7.21.2012

rtod: a town without poverty. it happened in canada.

Revolutionary thought of the day:
Initially, the Mincome program was conceived as a labour market experiment. The government wanted to know what would happen if everybody in town received a guaranteed income, and specifically, they wanted to know whether people would still work.

It turns out they did.

Only two segments of Dauphin's labour force worked less as a result of Mincome - new mothers and teenagers. Mothers with newborns stopped working because they wanted to stay at home longer with their babies. And teenagers worked less because they weren't under as much pressure to support their families.

The end result was that they spent more time at school and more teenagers graduated. Those who continued to work were given more opportunities to choose what type of work they did.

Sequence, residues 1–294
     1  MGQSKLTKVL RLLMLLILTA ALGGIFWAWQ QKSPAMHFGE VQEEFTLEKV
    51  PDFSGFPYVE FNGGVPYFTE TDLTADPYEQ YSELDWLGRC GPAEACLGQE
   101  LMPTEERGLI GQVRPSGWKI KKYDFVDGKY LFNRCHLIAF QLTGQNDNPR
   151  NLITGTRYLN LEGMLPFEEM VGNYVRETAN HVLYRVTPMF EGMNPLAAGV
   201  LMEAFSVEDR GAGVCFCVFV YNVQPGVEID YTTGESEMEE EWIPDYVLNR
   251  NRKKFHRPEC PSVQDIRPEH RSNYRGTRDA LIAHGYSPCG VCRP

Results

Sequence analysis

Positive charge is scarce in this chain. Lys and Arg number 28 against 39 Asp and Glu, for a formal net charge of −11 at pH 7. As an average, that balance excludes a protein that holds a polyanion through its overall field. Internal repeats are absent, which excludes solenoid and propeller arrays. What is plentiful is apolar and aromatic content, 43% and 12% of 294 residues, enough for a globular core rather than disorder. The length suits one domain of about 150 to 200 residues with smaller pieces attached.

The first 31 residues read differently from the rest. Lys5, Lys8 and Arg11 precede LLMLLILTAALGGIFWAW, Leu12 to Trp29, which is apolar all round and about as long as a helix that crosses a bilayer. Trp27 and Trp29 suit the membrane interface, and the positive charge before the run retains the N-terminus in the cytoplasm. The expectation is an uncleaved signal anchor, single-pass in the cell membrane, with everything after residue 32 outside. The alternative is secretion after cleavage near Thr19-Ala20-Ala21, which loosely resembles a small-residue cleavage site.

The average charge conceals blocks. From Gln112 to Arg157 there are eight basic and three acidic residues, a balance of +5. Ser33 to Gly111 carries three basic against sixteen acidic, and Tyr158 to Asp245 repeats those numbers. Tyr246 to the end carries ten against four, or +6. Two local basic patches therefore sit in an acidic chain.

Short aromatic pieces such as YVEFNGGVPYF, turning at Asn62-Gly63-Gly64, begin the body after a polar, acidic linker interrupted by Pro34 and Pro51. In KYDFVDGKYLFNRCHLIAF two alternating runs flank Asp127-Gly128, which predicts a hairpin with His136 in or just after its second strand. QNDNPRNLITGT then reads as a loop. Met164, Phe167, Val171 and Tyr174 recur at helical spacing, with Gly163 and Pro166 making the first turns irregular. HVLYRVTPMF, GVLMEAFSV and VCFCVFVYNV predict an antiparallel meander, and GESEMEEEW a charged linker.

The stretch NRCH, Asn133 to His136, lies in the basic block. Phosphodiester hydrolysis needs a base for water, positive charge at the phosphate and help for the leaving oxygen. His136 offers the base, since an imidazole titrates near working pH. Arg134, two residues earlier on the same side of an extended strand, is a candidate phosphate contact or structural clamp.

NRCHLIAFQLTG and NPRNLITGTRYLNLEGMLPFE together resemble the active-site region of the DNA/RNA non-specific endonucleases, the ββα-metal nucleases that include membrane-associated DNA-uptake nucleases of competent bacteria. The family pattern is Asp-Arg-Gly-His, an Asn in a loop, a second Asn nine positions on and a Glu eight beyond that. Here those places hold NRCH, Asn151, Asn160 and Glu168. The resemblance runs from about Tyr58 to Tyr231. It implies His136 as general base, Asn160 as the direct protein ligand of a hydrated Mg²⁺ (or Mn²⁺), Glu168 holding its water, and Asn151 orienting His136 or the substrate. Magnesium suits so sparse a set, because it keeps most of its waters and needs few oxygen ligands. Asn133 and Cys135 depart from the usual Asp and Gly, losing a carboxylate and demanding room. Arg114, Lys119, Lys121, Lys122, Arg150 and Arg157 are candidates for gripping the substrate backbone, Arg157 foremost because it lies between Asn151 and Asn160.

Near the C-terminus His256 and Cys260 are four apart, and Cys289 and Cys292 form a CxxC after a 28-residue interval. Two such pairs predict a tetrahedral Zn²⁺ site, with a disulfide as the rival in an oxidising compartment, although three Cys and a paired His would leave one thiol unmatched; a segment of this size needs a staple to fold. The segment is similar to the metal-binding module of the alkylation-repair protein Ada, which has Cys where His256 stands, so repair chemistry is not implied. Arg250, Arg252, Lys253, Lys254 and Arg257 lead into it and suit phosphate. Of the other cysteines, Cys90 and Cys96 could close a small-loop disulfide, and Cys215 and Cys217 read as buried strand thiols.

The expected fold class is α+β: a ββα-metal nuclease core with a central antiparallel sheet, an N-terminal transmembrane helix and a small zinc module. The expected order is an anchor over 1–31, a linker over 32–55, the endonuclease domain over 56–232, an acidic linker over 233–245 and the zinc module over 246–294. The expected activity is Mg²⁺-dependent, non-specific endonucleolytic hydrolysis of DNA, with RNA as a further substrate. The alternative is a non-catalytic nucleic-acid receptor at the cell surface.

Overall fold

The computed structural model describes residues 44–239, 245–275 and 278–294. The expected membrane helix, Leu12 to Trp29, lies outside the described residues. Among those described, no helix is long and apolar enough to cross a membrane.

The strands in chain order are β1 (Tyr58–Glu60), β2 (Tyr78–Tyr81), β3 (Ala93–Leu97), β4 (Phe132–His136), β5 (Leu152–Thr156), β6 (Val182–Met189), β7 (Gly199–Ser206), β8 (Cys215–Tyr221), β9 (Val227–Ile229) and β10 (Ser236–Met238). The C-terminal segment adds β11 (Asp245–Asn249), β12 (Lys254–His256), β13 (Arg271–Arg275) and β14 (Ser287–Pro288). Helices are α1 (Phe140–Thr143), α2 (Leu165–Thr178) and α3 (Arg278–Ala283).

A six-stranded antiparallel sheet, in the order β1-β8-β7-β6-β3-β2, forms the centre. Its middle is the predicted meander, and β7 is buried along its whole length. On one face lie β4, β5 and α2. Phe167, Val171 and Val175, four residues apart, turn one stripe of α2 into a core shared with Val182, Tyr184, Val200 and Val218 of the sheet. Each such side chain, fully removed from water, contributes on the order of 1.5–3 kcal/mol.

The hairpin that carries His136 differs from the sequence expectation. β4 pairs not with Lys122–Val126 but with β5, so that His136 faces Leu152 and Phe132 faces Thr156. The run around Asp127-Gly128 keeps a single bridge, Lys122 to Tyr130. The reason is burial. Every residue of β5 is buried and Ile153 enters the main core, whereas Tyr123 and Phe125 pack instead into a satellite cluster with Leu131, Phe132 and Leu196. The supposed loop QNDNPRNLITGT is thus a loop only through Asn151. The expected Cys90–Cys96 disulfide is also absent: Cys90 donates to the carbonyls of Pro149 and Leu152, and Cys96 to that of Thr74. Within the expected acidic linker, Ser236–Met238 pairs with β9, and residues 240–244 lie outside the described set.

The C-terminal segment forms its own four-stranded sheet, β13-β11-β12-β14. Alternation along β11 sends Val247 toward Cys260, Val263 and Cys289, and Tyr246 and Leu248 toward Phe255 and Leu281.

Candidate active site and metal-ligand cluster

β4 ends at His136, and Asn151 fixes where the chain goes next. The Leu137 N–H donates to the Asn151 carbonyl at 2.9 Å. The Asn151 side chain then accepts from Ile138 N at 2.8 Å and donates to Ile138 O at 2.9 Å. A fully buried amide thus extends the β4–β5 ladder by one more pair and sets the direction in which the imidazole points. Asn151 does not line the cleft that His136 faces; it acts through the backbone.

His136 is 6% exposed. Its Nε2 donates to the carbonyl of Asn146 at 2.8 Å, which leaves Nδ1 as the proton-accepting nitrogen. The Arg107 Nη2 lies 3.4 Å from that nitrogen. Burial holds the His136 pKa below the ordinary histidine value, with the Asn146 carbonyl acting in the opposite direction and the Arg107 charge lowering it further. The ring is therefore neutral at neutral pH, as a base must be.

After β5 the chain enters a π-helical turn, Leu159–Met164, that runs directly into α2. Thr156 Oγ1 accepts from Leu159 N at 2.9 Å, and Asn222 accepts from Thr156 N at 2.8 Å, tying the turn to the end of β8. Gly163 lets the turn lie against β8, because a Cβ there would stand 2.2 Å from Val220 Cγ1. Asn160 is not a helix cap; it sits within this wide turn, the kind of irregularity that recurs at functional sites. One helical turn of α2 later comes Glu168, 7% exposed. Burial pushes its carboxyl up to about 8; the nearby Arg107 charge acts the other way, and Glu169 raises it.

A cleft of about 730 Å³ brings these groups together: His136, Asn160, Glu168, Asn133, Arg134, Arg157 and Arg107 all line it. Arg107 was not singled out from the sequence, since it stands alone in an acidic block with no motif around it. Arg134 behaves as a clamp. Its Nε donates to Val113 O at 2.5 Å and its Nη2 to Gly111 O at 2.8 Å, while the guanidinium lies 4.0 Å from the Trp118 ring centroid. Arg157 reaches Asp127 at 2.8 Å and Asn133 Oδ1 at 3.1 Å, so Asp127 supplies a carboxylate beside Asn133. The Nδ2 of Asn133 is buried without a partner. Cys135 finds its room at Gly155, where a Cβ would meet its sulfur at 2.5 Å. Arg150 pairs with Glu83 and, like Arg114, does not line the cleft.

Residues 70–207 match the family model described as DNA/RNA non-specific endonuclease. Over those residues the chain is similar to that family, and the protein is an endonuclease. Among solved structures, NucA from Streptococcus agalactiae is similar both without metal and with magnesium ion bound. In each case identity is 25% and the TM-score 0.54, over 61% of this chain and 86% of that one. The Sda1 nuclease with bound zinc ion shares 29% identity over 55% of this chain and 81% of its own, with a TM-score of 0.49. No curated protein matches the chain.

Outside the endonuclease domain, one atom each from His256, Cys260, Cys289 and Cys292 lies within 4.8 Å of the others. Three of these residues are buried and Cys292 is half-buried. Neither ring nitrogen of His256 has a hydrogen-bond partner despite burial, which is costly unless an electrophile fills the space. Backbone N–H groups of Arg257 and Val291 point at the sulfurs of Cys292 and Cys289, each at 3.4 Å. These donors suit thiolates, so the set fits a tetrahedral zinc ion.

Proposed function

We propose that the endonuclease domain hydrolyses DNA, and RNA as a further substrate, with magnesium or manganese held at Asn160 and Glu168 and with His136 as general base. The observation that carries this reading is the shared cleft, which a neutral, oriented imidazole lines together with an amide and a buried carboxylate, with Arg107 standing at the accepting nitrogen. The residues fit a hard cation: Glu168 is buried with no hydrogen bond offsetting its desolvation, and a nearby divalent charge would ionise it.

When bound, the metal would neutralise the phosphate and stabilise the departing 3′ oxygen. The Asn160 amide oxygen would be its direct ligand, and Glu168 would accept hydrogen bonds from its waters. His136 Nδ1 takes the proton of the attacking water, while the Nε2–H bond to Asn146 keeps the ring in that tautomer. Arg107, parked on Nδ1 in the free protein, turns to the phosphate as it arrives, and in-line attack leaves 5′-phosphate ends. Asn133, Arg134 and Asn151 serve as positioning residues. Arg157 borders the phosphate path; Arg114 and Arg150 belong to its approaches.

. . . .

In the period that Mincome was administered, hospital visits dropped 8.5 per cent. Fewer people went to the hospital with work-related injuries and there were fewer emergency room visits from car accidents and domestic abuse. There were also far fewer mental health visits.

From "A Town Without Poverty? Canada's only experiment in guaranteed income finally gets reckoning by Vivian Belik in The Dominion
Many thanks to M@ for this fascinating piece of Canadian history. It can be done. It can be done again.

3 comments:

Kev said...

Hi Laura if you are interested in reading more on Basic Livable Income (BLI) try reading this fine blog http://www.livableincome.org/

Advocates have moved from the term Guaranteed Annual Income (GAI) for fear that governments would implement an income supplement program at levels that wouldn't adequately address the issues.

laura k said...

Thank you, Kev!

Richard Holmes said...

I wonder if my friend who's an accident lawyer Suffolk county would believe that "no work-related injuries" claim. Seems too good to be true.